Two years into a civil war with no end in sight and the regime of President Bashar al-Assad is still cracking down on its citizens more than ever.
Since protests against Assad started in March 2011 the Syrian government has disabled phones, cellular phone coverage and limited access to the Internet, going even as far as to hack the social media sites of “anti-regime” individuals. The government has also banned independent news coverage and bars foreign journalists from entering the country. Local journalists who report stories detrimental to the government or cover stories about protests are detained, and this is if they are lucky. The unlucky ones either disappear without a trace or are found as corpses, many of them with torture marks.
Eritrea, located above the horn of Africa, is a multi-cultural country of over just six million. While the population is a mix of Christian and Muslim (with Christians making up a slight majority) the laws regarding freedom of worship are draconian.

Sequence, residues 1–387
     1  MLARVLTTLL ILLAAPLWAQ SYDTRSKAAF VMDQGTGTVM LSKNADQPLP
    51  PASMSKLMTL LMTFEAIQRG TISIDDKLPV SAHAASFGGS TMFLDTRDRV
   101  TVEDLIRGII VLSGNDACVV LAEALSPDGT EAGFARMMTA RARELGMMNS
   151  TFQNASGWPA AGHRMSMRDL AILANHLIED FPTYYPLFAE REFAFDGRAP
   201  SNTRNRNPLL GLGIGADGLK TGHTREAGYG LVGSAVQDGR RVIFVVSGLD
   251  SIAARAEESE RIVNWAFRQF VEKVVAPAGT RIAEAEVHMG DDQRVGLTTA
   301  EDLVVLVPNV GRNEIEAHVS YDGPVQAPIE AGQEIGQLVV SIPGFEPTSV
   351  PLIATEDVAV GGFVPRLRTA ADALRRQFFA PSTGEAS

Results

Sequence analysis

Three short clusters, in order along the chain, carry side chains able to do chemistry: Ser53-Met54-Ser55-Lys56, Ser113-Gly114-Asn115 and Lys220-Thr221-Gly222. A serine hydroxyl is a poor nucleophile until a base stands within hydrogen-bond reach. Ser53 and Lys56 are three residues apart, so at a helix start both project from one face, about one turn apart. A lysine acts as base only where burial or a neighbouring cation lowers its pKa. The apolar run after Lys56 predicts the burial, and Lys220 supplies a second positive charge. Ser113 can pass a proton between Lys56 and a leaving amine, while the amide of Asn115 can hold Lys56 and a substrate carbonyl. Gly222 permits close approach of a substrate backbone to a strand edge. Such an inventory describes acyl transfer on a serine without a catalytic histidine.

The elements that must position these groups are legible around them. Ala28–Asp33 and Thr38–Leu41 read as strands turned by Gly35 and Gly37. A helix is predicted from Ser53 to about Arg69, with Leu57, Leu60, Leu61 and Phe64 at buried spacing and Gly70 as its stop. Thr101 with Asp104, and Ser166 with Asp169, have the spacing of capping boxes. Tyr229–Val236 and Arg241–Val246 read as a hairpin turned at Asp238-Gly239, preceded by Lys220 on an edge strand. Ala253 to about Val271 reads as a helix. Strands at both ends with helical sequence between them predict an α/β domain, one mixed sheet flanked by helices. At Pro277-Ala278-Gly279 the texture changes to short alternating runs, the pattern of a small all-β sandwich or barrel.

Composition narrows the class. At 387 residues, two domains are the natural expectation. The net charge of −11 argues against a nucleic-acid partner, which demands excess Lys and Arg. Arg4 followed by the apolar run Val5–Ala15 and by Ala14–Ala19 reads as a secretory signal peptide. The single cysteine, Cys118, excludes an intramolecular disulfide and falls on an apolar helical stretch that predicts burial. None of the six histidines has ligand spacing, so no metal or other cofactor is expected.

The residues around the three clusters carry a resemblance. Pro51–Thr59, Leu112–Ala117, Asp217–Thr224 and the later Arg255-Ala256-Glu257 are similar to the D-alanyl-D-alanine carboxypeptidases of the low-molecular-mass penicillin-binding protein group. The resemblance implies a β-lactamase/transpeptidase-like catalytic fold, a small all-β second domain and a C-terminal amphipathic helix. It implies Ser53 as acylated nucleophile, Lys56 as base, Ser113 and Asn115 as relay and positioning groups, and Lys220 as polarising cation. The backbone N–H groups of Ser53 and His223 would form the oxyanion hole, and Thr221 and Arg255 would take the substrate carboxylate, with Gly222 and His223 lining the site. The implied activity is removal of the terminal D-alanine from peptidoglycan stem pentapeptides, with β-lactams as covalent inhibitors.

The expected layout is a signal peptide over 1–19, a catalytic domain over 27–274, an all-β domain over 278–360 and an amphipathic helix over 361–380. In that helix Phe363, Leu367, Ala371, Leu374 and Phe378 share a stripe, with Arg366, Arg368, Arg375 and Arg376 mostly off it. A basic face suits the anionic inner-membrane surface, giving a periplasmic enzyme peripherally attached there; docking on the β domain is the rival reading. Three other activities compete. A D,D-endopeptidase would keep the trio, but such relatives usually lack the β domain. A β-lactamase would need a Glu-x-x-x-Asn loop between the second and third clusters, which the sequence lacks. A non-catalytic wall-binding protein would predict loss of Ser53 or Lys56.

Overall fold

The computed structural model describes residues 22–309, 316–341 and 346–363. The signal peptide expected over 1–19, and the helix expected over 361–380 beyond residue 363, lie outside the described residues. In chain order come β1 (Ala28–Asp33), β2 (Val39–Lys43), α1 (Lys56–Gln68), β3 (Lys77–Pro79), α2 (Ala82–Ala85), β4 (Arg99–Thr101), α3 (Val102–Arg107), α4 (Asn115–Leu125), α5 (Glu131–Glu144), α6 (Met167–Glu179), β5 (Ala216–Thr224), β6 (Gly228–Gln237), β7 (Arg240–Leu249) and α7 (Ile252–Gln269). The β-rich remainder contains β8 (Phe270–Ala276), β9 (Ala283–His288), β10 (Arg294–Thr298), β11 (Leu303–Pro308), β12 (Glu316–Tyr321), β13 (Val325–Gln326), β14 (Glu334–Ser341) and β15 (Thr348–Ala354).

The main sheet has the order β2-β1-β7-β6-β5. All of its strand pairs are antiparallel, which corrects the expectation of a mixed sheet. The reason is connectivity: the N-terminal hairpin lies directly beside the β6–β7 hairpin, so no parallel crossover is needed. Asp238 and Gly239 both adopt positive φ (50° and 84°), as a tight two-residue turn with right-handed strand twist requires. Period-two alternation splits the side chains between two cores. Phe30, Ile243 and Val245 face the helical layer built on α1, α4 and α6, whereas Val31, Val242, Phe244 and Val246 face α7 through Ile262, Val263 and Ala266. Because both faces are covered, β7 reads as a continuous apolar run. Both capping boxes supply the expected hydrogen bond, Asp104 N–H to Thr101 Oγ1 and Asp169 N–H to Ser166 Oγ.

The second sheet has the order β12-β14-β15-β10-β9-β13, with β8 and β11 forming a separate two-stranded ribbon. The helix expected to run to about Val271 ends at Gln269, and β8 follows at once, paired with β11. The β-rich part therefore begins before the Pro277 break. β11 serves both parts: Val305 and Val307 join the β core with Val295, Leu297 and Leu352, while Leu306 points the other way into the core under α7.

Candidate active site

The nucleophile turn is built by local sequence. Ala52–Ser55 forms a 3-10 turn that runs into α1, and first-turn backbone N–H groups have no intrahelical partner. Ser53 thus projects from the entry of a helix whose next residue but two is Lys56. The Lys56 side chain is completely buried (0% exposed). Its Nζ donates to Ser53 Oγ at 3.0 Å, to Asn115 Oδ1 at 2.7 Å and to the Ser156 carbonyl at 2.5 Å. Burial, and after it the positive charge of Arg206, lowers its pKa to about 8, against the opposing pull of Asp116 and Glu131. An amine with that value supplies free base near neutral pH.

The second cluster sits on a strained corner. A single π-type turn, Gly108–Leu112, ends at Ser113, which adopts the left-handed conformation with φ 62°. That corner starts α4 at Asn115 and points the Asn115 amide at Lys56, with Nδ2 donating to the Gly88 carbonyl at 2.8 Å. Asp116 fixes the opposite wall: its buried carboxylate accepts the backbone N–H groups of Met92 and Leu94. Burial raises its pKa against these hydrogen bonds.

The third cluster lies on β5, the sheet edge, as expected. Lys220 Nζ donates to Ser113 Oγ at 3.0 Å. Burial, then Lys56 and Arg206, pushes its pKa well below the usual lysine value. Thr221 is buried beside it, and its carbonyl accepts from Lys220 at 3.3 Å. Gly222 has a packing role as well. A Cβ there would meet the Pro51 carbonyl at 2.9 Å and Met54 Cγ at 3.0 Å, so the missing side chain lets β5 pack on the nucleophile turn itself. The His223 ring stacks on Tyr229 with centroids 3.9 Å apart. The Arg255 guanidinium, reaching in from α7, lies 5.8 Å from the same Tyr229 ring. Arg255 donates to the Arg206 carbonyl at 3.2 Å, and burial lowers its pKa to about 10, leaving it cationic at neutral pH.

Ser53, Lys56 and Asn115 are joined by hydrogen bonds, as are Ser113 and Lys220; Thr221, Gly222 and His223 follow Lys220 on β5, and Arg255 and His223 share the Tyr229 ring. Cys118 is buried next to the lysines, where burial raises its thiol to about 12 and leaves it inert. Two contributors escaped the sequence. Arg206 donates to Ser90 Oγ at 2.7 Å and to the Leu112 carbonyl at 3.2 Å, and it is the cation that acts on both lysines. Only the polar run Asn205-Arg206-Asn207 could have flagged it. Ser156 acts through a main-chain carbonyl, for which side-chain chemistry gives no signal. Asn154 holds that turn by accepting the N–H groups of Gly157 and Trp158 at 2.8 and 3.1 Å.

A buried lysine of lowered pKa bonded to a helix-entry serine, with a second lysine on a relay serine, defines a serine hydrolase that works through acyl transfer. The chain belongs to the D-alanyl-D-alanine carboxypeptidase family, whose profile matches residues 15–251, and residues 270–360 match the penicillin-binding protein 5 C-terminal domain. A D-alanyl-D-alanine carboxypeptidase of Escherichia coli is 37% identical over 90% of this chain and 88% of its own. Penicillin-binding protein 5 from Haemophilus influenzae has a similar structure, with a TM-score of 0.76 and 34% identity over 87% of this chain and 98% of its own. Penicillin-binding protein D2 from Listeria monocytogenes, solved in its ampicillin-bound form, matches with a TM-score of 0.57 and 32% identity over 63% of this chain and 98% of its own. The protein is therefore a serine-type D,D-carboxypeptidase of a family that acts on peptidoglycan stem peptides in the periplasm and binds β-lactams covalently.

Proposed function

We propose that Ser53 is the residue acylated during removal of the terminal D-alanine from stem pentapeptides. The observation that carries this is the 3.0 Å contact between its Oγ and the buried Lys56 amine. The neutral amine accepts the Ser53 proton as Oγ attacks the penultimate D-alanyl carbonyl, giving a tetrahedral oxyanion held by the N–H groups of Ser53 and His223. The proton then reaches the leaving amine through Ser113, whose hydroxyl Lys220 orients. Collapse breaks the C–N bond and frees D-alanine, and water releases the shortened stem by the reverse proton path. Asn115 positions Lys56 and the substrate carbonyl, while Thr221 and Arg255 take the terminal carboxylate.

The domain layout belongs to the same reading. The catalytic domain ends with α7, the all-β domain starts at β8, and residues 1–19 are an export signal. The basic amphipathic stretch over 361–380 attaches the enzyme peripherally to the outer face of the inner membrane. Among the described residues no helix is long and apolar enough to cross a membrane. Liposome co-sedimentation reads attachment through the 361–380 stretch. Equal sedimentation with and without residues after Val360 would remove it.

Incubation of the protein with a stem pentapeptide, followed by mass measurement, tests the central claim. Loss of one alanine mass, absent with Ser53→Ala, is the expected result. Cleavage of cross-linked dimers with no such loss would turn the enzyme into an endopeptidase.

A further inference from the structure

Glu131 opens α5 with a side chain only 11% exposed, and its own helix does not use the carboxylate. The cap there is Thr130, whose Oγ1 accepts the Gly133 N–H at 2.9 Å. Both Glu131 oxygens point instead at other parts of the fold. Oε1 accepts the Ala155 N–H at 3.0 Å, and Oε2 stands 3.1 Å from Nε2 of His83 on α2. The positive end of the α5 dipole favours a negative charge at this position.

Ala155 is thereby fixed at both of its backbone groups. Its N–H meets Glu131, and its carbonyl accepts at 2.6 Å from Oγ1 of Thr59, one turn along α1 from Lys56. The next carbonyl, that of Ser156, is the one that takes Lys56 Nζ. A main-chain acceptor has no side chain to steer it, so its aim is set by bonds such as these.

While official religions like Catholicism and Islam are recognized, some sects like Jehovah's Witnesses, the Bahá'í Faith, the Seventh-day Adventist Church and other non-protestant Evangelical denominations cannot worship freely and face arrest if they insist on doing so. Others are required to register to be able to practice their faith and this entails submitting a lot of personal information which the government can use against them.